Mets new owner Steve Cohen takes over and faces big losses, will he spend big?

Ajoytoy

Senior Member
#1
There is an old joke in sports finance circles. What’s the easiest way to become a millionaire? Answer: Have a billionaire buy a sports team.

The joke went out of style as sports became more profitable thanks to gushers of media money and better labor deals, but the losses are back thanks to the pandemic all but eliminating attendance. And now Steve Cohen, with a $14.6 billion fortune, bought the red ink-stained New York Mets.

Many Mets fans are rejoicing at the end of the Wilpon ownership era, a fallow period of 18 years and only three playoff appearances, and the emergence of new boss Cohen, now the wealthiest owner in MLB by nearly a factor of three. Cohen closed on the purchase Friday.

So rich is the hedge fund titan that some owners led by Chicago White Sox owner Jerry Reinsdorf opposed the purchase, sources and reports said, worried in part Cohen would join other high-spending teams like LA Dodgers and New York Yankees. And the New York tabloids are already full of stories speculating of bidding wars between the Yankees and Mets, elating the Queens franchise’s fanbase after years of sometimes parsimonious spending (the Wilpons were victims of Bernie Madoff).

But will Cohen be a free spender? And if so, does he become the aforementioned joke’s punchline? There are some powerful economic reasons for him to take a more measured approach, though as a lifetime fan of the team he may spend anyway.

“Part of the problem is that they are in New York, and they got an 800-pound gorilla to compete with,” said a finance source familiar with the Mets balance sheet, referring to the rival Yankees. “Now, Stevie’s got more money than the other owners. But the Yankees revenues are twice what the Mets revenues are. You can either deficit spend until he gets tired of it. Or you can slowly try to rebuild a team like the Ricketts did” when they bought the Chicago Cubs.

“But to do that, you got to be willing to do what the Ricketts did, which is have 100-loss seasons in a row,” which happened because of investment in the farm system and not free agency, the source said. “When they were doing that they were getting killed in the media. Killed. And is he willing to do that? … But, you know, it’s the smart thing to do. The smart thing to do is to sit the fans down and explain to them that, ‘Over the long run, we want this to be a very competitive team. And it takes time, we don’t do it in a year.’ But good luck telling that to Mets fans. And the expectations that everybody has are very, very high.”

Pre-pandemic the team lost more than $50 million annually, and the Wilpons could offset that with profit from their share in SNY. But Cohen does not have a stake in SNY as part of the purchase. Given the uncertainty of attendance next year with COVID-19, he could be looking at massive losses far exceeding $50 million, especially if he hikes payroll.

Even with a normal attendance paradigm, the team’s stadium, Citi Field, has never been a great draw, and not just because the Mets have struggled on the field. “To the north of the building, you have a bay, to the south Flushing Meadows Park, to the east junkyards and then Flushing, and then to the west, working-class neighborhoods,” the finance source said. “It’s hard to get to and if you look at Yankee Stadium, and where it is, three of the four wealthiest counties in the New York metropolitan area have easy access to it.”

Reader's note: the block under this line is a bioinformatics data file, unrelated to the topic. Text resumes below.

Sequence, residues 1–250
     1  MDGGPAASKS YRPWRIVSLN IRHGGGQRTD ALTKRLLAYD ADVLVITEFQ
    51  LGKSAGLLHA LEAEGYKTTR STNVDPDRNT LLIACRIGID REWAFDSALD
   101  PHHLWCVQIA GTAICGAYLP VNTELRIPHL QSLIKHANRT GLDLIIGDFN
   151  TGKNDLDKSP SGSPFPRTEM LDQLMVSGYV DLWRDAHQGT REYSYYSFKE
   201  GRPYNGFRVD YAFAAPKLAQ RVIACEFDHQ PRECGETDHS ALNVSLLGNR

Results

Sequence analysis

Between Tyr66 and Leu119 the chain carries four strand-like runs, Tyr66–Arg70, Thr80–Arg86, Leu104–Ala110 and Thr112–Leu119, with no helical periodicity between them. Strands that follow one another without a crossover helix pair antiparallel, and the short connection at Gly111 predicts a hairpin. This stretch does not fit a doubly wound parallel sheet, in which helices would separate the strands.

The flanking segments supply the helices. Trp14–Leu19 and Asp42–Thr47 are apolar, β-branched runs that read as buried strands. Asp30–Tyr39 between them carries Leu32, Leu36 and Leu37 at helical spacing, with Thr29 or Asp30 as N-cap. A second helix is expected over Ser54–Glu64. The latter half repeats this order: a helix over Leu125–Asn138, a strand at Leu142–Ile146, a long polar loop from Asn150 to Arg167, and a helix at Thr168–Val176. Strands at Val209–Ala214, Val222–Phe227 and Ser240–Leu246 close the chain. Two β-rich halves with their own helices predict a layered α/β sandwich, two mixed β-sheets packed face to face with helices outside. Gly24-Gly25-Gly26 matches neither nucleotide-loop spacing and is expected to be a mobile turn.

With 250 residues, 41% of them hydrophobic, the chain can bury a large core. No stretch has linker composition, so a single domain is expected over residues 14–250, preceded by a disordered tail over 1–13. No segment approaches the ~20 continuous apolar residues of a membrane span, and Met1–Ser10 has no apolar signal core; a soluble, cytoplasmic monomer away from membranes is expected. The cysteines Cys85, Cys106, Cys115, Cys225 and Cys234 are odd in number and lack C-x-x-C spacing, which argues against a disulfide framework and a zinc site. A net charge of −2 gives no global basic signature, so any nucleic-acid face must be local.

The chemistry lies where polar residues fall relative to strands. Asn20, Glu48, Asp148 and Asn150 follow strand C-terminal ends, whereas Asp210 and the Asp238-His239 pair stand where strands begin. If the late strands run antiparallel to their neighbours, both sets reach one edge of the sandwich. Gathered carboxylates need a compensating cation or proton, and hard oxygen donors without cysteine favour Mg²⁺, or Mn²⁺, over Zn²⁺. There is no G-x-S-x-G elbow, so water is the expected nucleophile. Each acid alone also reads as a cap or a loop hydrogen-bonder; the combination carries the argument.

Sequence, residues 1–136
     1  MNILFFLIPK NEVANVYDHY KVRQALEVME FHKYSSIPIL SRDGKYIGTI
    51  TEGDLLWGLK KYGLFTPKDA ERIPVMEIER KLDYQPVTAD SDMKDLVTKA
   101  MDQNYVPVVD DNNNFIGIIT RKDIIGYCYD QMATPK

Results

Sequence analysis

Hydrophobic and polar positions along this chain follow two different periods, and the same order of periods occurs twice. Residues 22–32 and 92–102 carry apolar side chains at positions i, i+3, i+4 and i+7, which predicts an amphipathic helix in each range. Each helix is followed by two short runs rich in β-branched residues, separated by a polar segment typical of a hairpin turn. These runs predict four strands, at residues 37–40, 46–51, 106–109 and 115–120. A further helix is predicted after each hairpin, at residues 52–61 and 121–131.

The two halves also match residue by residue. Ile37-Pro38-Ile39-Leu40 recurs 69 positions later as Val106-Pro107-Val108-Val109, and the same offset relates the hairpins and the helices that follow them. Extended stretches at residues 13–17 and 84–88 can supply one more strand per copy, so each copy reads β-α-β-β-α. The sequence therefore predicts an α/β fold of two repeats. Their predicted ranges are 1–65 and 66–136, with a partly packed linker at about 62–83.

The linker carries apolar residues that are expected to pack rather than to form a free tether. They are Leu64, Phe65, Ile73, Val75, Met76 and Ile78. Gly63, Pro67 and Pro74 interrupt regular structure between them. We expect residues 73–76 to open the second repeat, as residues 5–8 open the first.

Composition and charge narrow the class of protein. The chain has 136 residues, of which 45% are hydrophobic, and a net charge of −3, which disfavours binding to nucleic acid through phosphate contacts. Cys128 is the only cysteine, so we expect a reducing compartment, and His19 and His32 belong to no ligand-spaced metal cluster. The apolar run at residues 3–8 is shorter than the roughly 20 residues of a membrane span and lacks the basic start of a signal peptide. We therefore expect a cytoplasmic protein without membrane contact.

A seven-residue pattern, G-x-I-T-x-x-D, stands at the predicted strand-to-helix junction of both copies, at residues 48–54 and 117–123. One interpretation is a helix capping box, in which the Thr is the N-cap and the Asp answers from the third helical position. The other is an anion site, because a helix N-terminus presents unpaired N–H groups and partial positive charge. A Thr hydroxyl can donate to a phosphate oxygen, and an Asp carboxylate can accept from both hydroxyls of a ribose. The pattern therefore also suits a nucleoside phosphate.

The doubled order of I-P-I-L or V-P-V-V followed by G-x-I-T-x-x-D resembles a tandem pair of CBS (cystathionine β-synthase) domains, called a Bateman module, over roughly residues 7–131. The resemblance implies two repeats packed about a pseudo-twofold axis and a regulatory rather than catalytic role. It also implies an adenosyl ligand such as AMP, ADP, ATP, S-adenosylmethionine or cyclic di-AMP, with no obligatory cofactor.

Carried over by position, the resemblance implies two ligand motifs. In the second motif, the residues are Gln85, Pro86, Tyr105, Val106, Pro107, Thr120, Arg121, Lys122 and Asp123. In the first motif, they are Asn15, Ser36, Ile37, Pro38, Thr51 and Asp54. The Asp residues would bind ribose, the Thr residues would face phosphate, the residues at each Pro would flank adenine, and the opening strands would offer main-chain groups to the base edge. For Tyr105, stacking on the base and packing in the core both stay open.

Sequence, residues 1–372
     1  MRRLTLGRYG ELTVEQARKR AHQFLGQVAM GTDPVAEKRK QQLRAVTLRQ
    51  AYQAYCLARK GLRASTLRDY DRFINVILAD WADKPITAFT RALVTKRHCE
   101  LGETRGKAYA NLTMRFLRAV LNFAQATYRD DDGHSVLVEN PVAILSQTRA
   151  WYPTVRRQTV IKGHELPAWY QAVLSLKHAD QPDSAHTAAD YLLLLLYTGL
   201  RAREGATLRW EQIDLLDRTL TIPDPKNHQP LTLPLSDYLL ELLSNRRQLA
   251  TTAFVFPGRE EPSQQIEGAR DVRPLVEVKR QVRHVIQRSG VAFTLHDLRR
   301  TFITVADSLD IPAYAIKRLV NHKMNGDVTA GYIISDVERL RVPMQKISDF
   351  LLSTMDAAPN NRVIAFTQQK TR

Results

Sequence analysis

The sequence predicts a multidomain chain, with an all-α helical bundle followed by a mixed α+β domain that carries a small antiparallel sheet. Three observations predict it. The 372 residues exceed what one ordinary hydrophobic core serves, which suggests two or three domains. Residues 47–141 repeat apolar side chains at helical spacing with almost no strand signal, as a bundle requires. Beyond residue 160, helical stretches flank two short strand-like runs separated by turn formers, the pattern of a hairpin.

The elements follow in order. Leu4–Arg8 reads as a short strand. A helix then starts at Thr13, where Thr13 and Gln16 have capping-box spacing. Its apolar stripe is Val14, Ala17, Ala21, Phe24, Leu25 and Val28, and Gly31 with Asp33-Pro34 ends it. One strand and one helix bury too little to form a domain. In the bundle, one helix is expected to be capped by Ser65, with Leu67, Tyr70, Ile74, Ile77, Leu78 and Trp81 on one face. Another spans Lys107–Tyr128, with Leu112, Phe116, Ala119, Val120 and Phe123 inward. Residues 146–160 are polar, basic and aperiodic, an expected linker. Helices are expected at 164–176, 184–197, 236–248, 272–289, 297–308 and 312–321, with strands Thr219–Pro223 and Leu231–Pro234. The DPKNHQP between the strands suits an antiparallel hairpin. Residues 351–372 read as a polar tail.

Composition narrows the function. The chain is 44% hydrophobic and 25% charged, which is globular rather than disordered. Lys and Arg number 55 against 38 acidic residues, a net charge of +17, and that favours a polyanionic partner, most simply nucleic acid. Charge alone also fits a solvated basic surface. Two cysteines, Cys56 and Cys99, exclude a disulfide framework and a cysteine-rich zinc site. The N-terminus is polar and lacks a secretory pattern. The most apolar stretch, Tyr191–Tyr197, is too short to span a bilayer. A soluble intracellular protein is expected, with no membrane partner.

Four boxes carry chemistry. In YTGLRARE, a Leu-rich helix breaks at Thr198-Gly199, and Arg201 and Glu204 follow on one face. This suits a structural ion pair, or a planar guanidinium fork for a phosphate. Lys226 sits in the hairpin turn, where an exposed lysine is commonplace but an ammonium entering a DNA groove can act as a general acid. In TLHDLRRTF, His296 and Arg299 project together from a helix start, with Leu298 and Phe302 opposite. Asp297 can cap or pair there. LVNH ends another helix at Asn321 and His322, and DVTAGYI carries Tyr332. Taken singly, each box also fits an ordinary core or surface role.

The point is that it’s tough to sell out Citi Field regularly. A great team might help, but to get there quickly requires free-agent spending that likely leads to more losses.

But Cohen might be willing to suffer those losses. He already Friday, two hours after closing on the team, fired much of the front office, eating those contracts. In one way he must consider himself ahead of the game. Originally he was to buy the team for $2.6 billion last winter, but that deal fell apart over when the Wilpons would cede control. Then the pandemic hit, spiking losses, and the Wilpons ultimately sold to Cohen anyway but for $2.475 billion. So he paid over $100 million less and avoided likely a similar amount in losses for the 2020 season.

And he is already proving himself to be more of a fan-friendly owner than the press-shy Wilpons. On Twitter, on Sunday in his first tweet in more than two years, he wrote, “I would love to hear your ideas to make YOUR Mets experience better.” And then later that day, “I anticipate closing the deal in the next 10 days and then it’s off and running.” On the day the deal closed, he tweeted that too.

And his wife, Alexandra Cohen, who owns a piece of the team, has been even more active tweeting Mets information, posting or retweeting seven items Friday.

Steve Cohen is already one of the world’s wealthiest people, clocking in at No. 132 on the Forbes real-time billionaires list. But now unlike most of the names ahead of him, he will become a household name — the privilege, or burden, of owning a sports team.

“Google him before and ‘hedge fund’ or ‘SEC investigation’ might come up,” said another finance source familiar with the Mets sale, referring to the Securities and Exchange Commission fining his fund $1.8 billion in 2013 for insider trading. “Now it will come up first as ‘Mets owner.’”
 

Forum statistics

Threads
31,649
Messages
109,546
Members
1,287
Latest member
Vikesfan